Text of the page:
HUD or to the U.S. Treasury for other purposes (recommendations 2A. and 2C.).

Comment 13 By memorandum, dated May 11, 2007, HUD directed the contract administrators to
report and remit interest earned on housing assistance payment funds through December
31, 2006. As discussed in comment 7, the new procedures are included in the report as
action taken by HUD after our audit work, and we revised the column headings.
.
25
Appendix C

SCHEDULE OF PAYMENTS FOR TASKS 8, 11, AND 12


Fees paid for incentive-based performance standards
Contract administrator
Contract
administrator
for
Total basic fee
paid during
fiscal year 2006
Task 8 – 3% of
the basic fee
Task 11 - 8% of
the basic fee
Task 12 - 8% of
the basic fee
Total fees paid
for tasks 8, 11,
and 12
J efferson County Assisted
Housing Corporation
Alabama $1,775,678.00 $53,270.34 $142,054.24 $142,054.24 $337,378.82
Alaska Housing Finance
Corporation
Alaska $201,429.76 $6,042.89 $16,114.38 $16,114.38 $38,271.65
Arizona Department of
Housing
Arizona $1,374,898.09 $41,246.94 $109,991.85 $109,991.85 $261,230.64
Southwest Housing
Compliance Corporation
Arkansas $962,981.64 $28,889.45 $77,038.53 $77,038.53 $182,966.51
Colorado Housing and Finance
Authority
Colorado $1,282,234.00 $38,467.02 $102,578.72 $102,578.72 $243,624.46
J efferson County Assisted
Housing Corporation
Connecticut $1,535,296.00 $46,058.88 $122,823.68 $122,823.68 $291,706.24
Delaware State Housing
Authority
Delaware $187,968.97 $5,639.07 $15,037.52 $15,037.52 $35,714.11
Assisted Housing Services
Corporation
District of
Columbia
$1,770,657.00 $53,119.71 $141,652.56 $141,652.56 $336,424.83
North Tampa Housing
Development Corporation, Inc.
Florida $5,274,348.00 $158,230.44 $421,947.84 $421,947.84 $1,002,126.12
Georgia HAP Administrators,
Inc.
Georgia $3,880,478.00 $116,414.34 $310,438.24 $310,438.24 $737,290.82
Housing and Community
Development Corp of Hawaii
Hawaii $797,120.79 $23,913.62 $63,769.66 $63,769.66 $151,452.94
Idaho Housing and Finance
Association
Idaho $189,611.09 $5,688.33 $15,168.89 $15,168.89 $36,026.11
Georgia HAP Administrators,
Inc.
Illinois $5,291,530.50 $158,745.92 $423,322.44 $423,322.44 $1,005,390.80
Indiana Housing and
Community Development
Authority
Indiana $4,100,857.31 $123,025.72 $328,068.58 $328,068.58 $779,162.88
Iowa Finance Authority Iowa $1,595,460.84 $47,863.83 $127,636.87 $127,636.87 $303,137.57
Kansas Housing Resources
Corporation
Kansas $1,065,733.14 $31,971.99 $85,258.65 $85,258.65 $202,489.29
Kentucky Housing Corporation Kentucky $1,349,420.21 $40,482.61 $107,953.62 $107,953.62 $256,389.85
Louisiana Housing Finance
Agency
Louisiana $2,001,080.91 $60,032.43 $160,086.47 $160,086.47 $380,205.37
Maine State Housing Authority Maine $461,267.00 $13,838.01 $36,901.36 $36,901.36 $87,640.73
Maryland Department of
Housing and Community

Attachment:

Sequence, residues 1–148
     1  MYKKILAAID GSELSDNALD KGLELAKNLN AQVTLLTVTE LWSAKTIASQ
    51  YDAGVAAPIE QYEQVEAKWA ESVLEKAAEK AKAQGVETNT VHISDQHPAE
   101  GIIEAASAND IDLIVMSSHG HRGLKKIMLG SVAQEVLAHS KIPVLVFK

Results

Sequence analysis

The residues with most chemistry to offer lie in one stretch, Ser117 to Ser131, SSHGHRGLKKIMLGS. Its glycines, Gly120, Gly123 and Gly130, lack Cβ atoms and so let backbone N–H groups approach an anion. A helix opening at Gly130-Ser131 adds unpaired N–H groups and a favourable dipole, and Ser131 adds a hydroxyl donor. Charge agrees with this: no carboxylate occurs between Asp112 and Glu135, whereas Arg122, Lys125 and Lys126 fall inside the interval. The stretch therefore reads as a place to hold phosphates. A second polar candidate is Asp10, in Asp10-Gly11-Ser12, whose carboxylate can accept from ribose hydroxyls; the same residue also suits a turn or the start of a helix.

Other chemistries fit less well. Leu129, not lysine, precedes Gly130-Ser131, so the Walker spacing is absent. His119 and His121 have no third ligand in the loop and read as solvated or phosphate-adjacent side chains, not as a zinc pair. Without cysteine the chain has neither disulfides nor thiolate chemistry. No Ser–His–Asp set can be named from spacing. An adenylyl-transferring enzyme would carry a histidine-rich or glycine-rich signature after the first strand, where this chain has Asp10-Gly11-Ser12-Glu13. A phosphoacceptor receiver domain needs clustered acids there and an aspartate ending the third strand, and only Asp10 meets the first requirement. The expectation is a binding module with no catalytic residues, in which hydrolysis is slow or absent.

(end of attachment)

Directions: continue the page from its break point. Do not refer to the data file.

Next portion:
Development
Maryland $5,191,247.00 $155,737.41 $415,299.76 $415,299.76 $986,336.93
Massachusetts Housing
Finance Agency
Massachusetts $9,152,189.00 $274,565.67 $732,175.12 $732,175.12 $1,738,915.91
Michigan State Housing
Development Authority
Michigan $4,250,112.50 $127,503.38 $340,009.00 $340,009.00 $807,521.38
26
Fees paid for incentive-based performance standards
Contract administrator
Contract
administrator
for
Total basic fee
paid during
fiscal year 2006
Task 8 – 3% of
the basic fee
Task 11 - 8% of
the basic fee
Task 12 - 8% of
the basic fee
Total fees paid
for tasks 8, 11,
and 12
Minnesota Housing Finance
Agency
Minnesota $3,149,092.87 $94,472.79 $251,927.43 $251,927.43 $598,327.65
J efferson County Assisted
Housing Corporation
Mississippi $1,497,680.00 $44,930.40 $119,814.40 $119,814.40 $284,559.20
Missouri Housing
Development Commission
Missouri $2,848,552.70 $85,456.58 $227,884.22 $227,884.22 $541,225.02
Montana Department of
Commerce
Montana $490,467.00 $14,714.01 $39,237.36 $39,237.36 $93,188.73
Housing Authority of the City
of Bremerton
Nebraska $691,513.41 $20,745.40 $55,321.07 $55,321.07 $131,387.54
Housing Authority of the City
of Reno
Nevada $700,410.43 $21,012.31 $56,032.83 $56,032.83 $133,077.97
New Hampshire Housing
Finance Authority
New
Hampshire
$531,602.00 $15,948.06 $42,528.16 $42,528.16 $101,004.38
New J ersey Housing and
Mortgage Finance Agency
New J ersey $4,368,098.63 $131,042.96 $349,447.89 $349,447.89 $829,938.74
New Mexico Mortgage Finance
Authority
New Mexico $730,044.93 $21,901.35 $58,403.59 $58,403.59 $138,708.53
New York State Housing Trust
Fund Corporation
New York $13,489,693.06 $404,690.79 $1,079,175.44 $1,079,175.44 $2,563,041.67
North Carolina Housing
Finance Agency
North Carolina $3,107,587.02 $93,227.61 $248,606.96 $248,606.96 $590,441.53
North Dakota Housing Finance
Agency
North Dakota $178,046.00 $5,341.38 $14,243.68 $14,243.68 $33,828.74
California Affordable Housing
Initiatives, Inc.
Northern
California
$7,074,911.99 $212,247.36 $565,992.96 $565,992.96 $1,344,233.28
Columbus Metropolitan
Housing Authority
Ohio $6,552,749.14 $196,582.47 $524,219.93 $524,219.93 $1,245,022.33
Oklahoma Housing Finance
Agency
Oklahoma $1,515,888.14 $45,476.64 $121,271.05 $121,271.05 $288,018.74
Oregon Housing and
Community Services